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Germany confirms that 2 Germans killed in Egypt stabbing


Germany confirms that 2 Germans killed in Egypt stabbing
Germany on Saturday confirmed that two German tourists were killed in a knife attack at a hotel in the popular Egyptian Red Sea resort of Hurghada. The assailant, Egypt said, was a 28-year-old university graduate from the Nile Delta.
The German Foreign Ministry said it now has the “sad certainty” that two German female tourists died in Friday’s attack. It didn’t give any other information on the victims.
In a statement, it said: “According to everything that we know, this act was aimed at foreign tourists — a particularly perfidious and criminal act that leaves us sad, dismayed and angry.”
Egyptian authorities said the assailant sneaked into the hotel by swimming from a nearby beach. He was arrested after he wounded another four foreign tourists at a next-door hotel. On Saturday, security officials identified the attacker by only his first name, Abdel-Rahman, and said he is a business graduate who hails from the Nile Delta province of Kafr el-Sheikh, north of Cairo.
The officials said he has been transferred to Cairo for questioning while a total of 15 hotel workers who witnessed the attack were being interviewed by police in Hurghada.
The officials spoke on condition of anonymity because they were not authorized to speak to the media.
The attack on the tourists took place just hours after five policemen were killed in a shooting near some of Egypt’s most famous pyramids in the greater Cairo area. No group claimed responsibility for the attack, which bore the hallmarks of a militant group known as Hasm that has been behind similar attacks in recent months.
Authorities say Hasm is a splinter faction from the Muslim Brotherhood, an Islamist group that was outlawed and declared a terrorist organization several months after the military in July 2013 ousted Mohammed Morsi, a senior leader of the Brotherhood who was elected president in 2012.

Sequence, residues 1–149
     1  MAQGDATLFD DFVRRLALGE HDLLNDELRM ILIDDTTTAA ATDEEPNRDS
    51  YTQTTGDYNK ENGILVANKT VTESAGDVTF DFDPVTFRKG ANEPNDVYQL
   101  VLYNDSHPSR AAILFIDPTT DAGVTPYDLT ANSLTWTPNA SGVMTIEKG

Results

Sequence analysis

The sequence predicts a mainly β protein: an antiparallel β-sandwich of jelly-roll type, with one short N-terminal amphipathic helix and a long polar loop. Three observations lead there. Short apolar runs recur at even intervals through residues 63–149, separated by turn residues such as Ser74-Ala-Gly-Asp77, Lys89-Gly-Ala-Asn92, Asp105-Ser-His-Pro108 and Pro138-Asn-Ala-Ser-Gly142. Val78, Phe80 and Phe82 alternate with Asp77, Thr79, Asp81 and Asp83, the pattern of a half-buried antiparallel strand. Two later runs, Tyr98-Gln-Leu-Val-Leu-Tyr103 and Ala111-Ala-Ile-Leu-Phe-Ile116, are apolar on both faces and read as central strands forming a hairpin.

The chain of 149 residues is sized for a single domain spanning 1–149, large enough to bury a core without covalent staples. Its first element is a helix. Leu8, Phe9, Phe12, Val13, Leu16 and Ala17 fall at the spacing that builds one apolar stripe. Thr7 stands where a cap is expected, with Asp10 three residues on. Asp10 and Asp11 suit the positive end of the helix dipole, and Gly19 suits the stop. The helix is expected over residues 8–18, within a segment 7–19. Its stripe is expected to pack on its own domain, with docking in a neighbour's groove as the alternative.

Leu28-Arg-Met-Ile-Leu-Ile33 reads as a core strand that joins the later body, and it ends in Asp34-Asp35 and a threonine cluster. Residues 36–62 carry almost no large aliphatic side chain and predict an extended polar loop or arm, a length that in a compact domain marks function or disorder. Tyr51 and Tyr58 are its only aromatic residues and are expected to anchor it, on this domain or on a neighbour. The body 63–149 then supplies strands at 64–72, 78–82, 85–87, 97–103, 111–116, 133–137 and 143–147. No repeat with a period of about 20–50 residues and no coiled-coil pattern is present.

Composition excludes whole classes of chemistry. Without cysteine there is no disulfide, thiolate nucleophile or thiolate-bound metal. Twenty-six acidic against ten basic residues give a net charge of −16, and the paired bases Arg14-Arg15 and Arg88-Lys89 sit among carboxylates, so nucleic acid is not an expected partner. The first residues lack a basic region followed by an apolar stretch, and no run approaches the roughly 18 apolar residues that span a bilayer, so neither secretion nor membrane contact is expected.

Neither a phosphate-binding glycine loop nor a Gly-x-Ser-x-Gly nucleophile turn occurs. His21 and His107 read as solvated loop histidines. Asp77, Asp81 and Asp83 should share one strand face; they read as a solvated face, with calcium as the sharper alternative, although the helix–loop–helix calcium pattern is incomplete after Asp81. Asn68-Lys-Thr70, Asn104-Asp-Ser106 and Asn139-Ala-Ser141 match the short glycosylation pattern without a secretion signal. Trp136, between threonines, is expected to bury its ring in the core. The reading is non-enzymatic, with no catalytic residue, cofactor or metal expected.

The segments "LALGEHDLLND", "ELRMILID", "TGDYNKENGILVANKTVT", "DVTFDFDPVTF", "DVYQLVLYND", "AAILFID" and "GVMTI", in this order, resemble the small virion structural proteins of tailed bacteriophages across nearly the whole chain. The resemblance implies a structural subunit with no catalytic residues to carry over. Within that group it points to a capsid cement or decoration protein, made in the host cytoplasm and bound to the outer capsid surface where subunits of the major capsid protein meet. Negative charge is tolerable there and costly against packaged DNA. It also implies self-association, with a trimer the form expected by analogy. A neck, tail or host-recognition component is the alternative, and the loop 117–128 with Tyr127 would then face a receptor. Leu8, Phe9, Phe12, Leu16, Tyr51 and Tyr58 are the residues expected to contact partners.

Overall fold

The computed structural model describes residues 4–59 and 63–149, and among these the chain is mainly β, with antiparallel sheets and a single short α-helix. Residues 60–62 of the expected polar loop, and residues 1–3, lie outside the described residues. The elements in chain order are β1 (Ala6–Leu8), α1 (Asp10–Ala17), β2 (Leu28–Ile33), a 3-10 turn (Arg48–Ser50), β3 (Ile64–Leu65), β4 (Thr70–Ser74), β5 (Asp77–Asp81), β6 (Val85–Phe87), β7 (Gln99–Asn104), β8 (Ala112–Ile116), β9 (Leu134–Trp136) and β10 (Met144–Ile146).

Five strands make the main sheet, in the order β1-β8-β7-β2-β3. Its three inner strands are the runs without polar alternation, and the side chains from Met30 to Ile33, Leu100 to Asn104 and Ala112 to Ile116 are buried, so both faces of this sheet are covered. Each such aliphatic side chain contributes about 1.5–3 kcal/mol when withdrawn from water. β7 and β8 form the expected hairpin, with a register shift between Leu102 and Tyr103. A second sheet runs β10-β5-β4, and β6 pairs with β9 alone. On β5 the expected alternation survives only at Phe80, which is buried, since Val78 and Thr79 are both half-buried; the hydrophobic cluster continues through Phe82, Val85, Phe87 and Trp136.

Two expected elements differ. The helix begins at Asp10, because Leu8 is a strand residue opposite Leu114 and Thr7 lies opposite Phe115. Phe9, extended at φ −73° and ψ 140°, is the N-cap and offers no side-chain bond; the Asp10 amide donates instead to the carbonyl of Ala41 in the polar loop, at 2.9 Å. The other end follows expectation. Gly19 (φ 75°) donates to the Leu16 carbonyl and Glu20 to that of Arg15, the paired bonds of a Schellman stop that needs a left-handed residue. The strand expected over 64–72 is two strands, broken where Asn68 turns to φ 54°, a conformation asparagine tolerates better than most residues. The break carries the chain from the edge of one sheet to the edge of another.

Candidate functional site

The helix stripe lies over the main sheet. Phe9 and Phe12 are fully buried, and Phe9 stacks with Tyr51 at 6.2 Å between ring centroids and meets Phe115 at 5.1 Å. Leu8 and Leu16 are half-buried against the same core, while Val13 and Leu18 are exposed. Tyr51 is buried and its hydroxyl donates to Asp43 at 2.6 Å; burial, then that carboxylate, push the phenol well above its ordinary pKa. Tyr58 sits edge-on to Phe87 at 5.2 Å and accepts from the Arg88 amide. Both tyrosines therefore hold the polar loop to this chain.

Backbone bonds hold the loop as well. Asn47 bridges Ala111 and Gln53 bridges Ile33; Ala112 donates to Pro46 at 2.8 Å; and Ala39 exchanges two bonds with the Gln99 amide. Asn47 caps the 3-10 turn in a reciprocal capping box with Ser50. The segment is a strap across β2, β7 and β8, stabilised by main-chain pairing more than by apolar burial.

Friday’s attacks are likely to further impact Egypt’s tourism industry — a backbone of the country’s economy that employs millions of people but which has been decimated by the political turmoil and fragile security roiling the country since the 2011 Arab Spring uprising.
The attacker in Hurghada, one of Egypt’s most popular beach resorts and diving centers, stabbed the tourists in the face, neck and feet, according to security officials. No one claimed responsibility for the attack, but it appeared to have been inspired by recent calls by the local affiliate of the extremist Islamic State group to attack Egypt’s minority Christians and foreign tourists.
On Saturday, tight security was in place at Hurghada, with additional checkpoints at the city’s entry and exit points and reinforced security at tourist sites, including where the attack took place.
Egypt has been rocked by deadly suicide bombings, drive-by shootings and other attacks since Morsi’s ouster four years ago. The violence has been concentrated in the northern Sinai Peninsula, but attacks have spread to the mainland, including the capital.
The last time tourists were attacked in Hurghada was in January 2016, when two Austrians and a Swede were stabbed by two suspected militants, also at a hotel. They were only lightly wounded. Security forces shot the attackers, killing one and wounding the other before arresting him.
Separately, authorities on Saturday said four suspected militants were killed in a shootout with the police in the desert near the Suez Canal city of Ismailia east of Cairo. The shootout was not related to Friday’s attacks at Hurghada and Cairo.
Associated Press writer Geir Moulson contributed to this report from Berlin.

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